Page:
I put a great deal of planning into my sessions, and I am pleased to say that some of my attendees have gone on to be published in poetry magazines. One completed an M.A in Creative Writing, which he said he wouldn’t have thought of doing without these workshops.

I hope to feature some of the poems written in 2017 workshops on this blog after the festival.

 

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Knitting and Poetry

Knitting and poetry do go together, as I found out earlier this week when I led my first ever knitting workshop, combining it with some poems of my own about knitting and sewing.

I began by talking briefly about my own knitting practice. I learned to knit aged four, when my mum taught me. I made a cardigan for my big doll, which she wore for years. It was in yellow garter stitch, and by the time I had finished it, it was grey from all the times it has been undone and fixed by mum. When she died, I felt compelled to finish her knitting project: a deep turquoise cardigan.

I’ve had a passion for knitting ever since, and have always knitted, apart from a break during my teaching years when I just had too much marking to do. I have a fund more stories about my early efforts. I adapt and even invent patterns, love cable, lace and Fair Isle, and rejoice in lovely yarns and wooden needles, which are lovely to knit with. The scarf pictured here, I made from two balls of alpaca bought at a car boot sale for £1 each. I used a lace pattern I already knew how to do. I love the wavy edge it creates.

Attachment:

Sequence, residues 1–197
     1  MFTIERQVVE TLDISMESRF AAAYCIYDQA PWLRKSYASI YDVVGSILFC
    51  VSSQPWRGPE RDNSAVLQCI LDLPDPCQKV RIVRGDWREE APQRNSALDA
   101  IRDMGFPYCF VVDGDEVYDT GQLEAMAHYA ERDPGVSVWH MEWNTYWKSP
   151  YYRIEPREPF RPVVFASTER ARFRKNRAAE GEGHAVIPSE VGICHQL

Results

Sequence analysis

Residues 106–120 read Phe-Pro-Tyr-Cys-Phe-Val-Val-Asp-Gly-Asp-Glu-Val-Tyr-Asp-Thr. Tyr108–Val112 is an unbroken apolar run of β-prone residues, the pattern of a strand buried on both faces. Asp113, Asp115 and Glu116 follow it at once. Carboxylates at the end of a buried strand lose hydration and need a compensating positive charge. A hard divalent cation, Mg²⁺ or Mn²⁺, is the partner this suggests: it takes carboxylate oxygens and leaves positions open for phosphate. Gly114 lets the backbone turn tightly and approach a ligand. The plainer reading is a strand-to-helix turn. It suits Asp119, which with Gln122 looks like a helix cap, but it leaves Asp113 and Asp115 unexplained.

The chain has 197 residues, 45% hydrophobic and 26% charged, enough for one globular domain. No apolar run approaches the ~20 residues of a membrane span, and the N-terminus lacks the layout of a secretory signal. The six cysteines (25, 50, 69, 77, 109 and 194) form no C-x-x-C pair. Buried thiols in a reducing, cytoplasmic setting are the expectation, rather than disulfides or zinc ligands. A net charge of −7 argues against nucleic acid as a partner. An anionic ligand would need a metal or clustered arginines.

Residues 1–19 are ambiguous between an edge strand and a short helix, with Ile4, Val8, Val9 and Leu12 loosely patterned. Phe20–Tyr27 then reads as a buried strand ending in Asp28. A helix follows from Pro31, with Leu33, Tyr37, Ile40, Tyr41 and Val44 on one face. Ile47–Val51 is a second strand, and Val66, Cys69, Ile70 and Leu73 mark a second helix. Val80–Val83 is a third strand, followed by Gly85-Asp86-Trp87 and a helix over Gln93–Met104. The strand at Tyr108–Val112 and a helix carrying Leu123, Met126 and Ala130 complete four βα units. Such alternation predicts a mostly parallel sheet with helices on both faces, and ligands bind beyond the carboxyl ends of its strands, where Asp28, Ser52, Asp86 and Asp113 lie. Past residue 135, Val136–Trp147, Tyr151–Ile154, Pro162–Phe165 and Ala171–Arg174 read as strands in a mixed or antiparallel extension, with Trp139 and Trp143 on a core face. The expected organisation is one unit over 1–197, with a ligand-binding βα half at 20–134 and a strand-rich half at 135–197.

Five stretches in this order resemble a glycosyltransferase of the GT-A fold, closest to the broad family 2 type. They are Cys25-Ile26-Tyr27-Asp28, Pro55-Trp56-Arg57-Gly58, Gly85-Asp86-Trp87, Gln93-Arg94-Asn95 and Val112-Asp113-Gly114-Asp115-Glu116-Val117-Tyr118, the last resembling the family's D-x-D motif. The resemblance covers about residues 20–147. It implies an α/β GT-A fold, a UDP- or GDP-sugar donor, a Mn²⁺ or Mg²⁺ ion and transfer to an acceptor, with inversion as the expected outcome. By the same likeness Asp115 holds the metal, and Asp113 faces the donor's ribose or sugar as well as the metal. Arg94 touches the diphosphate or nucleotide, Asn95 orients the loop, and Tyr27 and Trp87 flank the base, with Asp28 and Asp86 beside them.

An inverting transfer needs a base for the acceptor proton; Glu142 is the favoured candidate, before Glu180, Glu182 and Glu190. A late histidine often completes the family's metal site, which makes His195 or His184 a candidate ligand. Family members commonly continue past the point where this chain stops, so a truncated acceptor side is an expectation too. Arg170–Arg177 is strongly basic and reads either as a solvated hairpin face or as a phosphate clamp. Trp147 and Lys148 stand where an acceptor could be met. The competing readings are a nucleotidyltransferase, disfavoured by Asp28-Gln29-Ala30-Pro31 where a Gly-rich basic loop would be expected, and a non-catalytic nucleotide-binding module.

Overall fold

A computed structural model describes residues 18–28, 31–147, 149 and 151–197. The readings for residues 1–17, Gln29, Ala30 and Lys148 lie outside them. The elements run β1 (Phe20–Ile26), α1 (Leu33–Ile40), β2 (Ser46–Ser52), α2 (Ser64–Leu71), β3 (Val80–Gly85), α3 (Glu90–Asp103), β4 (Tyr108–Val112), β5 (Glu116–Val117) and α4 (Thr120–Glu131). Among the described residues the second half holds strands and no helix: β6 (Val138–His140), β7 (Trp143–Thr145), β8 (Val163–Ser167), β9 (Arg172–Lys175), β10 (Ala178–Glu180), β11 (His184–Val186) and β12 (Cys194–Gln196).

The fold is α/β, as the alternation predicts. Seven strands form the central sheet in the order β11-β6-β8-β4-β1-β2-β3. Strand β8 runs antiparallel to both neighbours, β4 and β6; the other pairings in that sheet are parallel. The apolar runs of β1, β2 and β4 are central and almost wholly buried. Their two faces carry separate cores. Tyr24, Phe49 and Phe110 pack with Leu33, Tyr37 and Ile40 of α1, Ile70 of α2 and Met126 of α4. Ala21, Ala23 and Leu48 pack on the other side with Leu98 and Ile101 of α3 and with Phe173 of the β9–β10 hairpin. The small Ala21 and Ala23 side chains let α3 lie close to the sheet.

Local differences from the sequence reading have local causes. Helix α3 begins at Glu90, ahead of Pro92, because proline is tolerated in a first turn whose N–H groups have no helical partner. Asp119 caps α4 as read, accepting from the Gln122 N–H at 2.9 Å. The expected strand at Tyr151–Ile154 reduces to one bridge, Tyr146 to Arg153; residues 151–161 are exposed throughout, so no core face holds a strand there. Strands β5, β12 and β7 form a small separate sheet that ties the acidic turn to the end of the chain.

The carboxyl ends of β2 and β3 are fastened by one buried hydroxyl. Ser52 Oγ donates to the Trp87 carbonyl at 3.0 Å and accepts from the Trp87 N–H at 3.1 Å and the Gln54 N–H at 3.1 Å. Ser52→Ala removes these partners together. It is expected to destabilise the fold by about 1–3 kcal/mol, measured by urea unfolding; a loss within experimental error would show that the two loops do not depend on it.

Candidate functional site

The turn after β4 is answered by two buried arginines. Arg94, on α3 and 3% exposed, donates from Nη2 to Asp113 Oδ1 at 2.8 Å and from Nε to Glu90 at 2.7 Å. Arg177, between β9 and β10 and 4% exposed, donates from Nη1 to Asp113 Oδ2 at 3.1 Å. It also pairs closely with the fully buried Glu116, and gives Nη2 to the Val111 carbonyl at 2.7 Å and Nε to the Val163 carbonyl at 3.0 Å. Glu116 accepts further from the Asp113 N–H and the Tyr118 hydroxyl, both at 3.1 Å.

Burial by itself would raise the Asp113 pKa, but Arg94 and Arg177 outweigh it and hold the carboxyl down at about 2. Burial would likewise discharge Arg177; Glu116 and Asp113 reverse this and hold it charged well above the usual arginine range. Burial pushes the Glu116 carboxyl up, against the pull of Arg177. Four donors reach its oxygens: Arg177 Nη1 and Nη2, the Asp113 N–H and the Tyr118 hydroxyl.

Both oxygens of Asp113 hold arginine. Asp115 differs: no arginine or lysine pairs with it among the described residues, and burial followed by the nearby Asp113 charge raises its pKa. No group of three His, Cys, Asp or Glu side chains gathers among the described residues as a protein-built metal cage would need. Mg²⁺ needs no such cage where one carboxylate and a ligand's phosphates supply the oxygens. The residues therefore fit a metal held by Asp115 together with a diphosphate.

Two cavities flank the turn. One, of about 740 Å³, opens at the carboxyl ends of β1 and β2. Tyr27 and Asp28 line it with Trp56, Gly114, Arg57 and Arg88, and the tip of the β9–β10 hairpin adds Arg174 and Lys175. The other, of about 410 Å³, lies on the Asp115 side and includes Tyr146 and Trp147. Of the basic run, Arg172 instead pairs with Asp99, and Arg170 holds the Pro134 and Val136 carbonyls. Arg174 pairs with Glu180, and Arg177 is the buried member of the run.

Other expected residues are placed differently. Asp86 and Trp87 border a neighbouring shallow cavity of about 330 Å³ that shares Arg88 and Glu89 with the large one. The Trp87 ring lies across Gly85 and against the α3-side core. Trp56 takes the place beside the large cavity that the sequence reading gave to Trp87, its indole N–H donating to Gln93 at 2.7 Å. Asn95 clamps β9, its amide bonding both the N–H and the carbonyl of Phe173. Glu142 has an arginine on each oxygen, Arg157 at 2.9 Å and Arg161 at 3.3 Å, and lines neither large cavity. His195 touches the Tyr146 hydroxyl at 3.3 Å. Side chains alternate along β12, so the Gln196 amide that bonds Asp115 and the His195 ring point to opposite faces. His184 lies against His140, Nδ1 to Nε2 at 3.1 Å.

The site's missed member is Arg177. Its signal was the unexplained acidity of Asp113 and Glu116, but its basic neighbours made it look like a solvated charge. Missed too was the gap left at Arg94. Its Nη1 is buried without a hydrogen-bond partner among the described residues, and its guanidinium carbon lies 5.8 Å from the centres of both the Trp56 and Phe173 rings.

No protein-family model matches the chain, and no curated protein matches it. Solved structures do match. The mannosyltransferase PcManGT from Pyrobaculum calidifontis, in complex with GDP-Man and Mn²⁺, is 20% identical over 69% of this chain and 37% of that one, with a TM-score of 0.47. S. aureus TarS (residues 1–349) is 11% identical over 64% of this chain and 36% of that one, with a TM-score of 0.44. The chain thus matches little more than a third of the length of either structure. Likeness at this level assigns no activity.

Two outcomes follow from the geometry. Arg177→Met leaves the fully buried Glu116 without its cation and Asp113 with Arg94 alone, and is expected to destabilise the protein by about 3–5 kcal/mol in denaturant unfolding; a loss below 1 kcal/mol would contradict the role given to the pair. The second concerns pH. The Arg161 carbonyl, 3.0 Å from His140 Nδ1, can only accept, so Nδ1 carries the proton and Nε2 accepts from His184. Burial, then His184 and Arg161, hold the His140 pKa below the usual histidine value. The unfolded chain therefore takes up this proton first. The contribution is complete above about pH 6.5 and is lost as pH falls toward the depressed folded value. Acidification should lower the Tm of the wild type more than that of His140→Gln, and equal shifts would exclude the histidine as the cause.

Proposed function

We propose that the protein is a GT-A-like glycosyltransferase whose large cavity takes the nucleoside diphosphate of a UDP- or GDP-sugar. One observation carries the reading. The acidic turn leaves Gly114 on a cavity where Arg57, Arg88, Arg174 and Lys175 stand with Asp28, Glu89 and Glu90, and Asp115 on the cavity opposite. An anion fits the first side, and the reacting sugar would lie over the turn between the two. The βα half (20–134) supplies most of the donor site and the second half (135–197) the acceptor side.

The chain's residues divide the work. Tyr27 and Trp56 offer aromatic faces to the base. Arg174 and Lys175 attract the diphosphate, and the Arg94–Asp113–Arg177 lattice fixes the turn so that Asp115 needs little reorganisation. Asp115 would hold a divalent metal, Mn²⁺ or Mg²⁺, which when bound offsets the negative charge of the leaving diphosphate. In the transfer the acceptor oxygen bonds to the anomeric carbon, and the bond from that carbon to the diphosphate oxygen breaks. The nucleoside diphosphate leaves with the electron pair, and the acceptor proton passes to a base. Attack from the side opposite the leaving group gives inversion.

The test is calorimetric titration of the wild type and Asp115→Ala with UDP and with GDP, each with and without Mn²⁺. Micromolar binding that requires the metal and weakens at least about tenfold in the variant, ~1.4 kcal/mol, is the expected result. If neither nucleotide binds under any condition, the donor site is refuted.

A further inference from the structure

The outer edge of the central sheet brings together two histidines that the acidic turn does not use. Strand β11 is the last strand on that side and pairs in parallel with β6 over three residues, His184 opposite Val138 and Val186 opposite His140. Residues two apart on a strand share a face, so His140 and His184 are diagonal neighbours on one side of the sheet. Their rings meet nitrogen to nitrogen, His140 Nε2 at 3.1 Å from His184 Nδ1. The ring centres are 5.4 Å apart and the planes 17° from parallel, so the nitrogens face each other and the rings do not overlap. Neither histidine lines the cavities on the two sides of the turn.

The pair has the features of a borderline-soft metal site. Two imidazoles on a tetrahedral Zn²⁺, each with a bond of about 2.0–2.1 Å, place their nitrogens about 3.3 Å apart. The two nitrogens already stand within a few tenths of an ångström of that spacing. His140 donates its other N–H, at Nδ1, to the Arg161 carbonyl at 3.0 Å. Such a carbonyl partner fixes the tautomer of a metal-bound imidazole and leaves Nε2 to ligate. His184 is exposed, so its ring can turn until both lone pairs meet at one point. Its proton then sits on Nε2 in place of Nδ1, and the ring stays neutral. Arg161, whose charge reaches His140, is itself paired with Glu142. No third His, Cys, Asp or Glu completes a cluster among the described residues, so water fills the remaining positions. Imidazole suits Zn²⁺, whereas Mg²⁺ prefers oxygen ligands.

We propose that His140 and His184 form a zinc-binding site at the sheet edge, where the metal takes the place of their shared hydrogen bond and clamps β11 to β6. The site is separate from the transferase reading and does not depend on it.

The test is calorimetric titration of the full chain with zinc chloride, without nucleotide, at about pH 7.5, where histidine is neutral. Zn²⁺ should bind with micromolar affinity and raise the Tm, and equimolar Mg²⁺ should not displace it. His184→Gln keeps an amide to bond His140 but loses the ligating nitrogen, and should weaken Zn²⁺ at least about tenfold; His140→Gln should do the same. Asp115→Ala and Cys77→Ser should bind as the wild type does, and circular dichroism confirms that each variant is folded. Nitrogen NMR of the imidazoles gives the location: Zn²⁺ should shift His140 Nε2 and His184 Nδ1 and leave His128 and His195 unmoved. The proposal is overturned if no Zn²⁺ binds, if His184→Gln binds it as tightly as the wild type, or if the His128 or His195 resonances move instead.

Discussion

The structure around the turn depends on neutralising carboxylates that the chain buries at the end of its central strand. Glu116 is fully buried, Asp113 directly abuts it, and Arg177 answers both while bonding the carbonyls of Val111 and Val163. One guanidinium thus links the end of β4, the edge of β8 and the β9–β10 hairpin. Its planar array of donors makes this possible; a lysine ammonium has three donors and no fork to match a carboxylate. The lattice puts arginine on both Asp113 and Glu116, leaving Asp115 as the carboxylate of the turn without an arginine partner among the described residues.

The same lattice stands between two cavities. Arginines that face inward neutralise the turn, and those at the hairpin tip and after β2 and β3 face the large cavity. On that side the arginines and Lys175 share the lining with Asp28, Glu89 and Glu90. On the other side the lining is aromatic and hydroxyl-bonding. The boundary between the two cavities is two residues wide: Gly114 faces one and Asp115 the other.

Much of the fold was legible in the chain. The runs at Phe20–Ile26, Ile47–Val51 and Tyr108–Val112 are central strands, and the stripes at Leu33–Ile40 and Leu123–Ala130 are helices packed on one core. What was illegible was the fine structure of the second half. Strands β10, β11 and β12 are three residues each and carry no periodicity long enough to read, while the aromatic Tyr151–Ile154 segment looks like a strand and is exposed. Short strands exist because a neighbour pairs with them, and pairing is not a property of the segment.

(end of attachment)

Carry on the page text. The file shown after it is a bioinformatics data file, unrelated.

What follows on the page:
Knitting is a lot like poetry. Each piece is unique and the pleasure of finishing each piece gives me a buzz. I am always planning what I am going to make next and often have a queue of ideas and several projects on the go at the same time. That is exactly how I work with my poems too.

Knitting can even be a subversive activity. A trend for knitted external pockets I started in school ended up being so popular it was banned!

 

 

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Group Poem by Northwich Stroke Club 2017

 

 

 

KPA Workshop

Weathers

After Thomas Hardy

This is the weather my friends like, and so do I:
Sunny days with a breeze but warm enough for breakfast outdoors
Birds singing with the promise of a good day ahead
And the scents of herbs and hedge parsley float everywhere
Washing dries quickly on the line, and it’s good to spend time outside
In the garden or walking through fields or climbing in Snowdonia
With the wind in our faces and unusual places
But rain is good too: it waters the soil; it’s good for the complexion,
as my grandmother used to say; and when it hits the conservatory hard
and we are warm and dry inside, and the garden gets a good soak;
rainy walks in wellies with wet dogs and the rain on faces.
At sundown clouds in the sky are outlined in red and gold.
In winter, frosty mornings smell sharp, remind of schooldays.
The virgin snow makes everywhere pristine, at night it’s a mirror.
Snow brings back memories of sledging and throwing snowballs,
frost on the inside of windows, or outdoors, crisp grass and lacy trees,
the beauty of a frozen spider-web, delicate like crochet.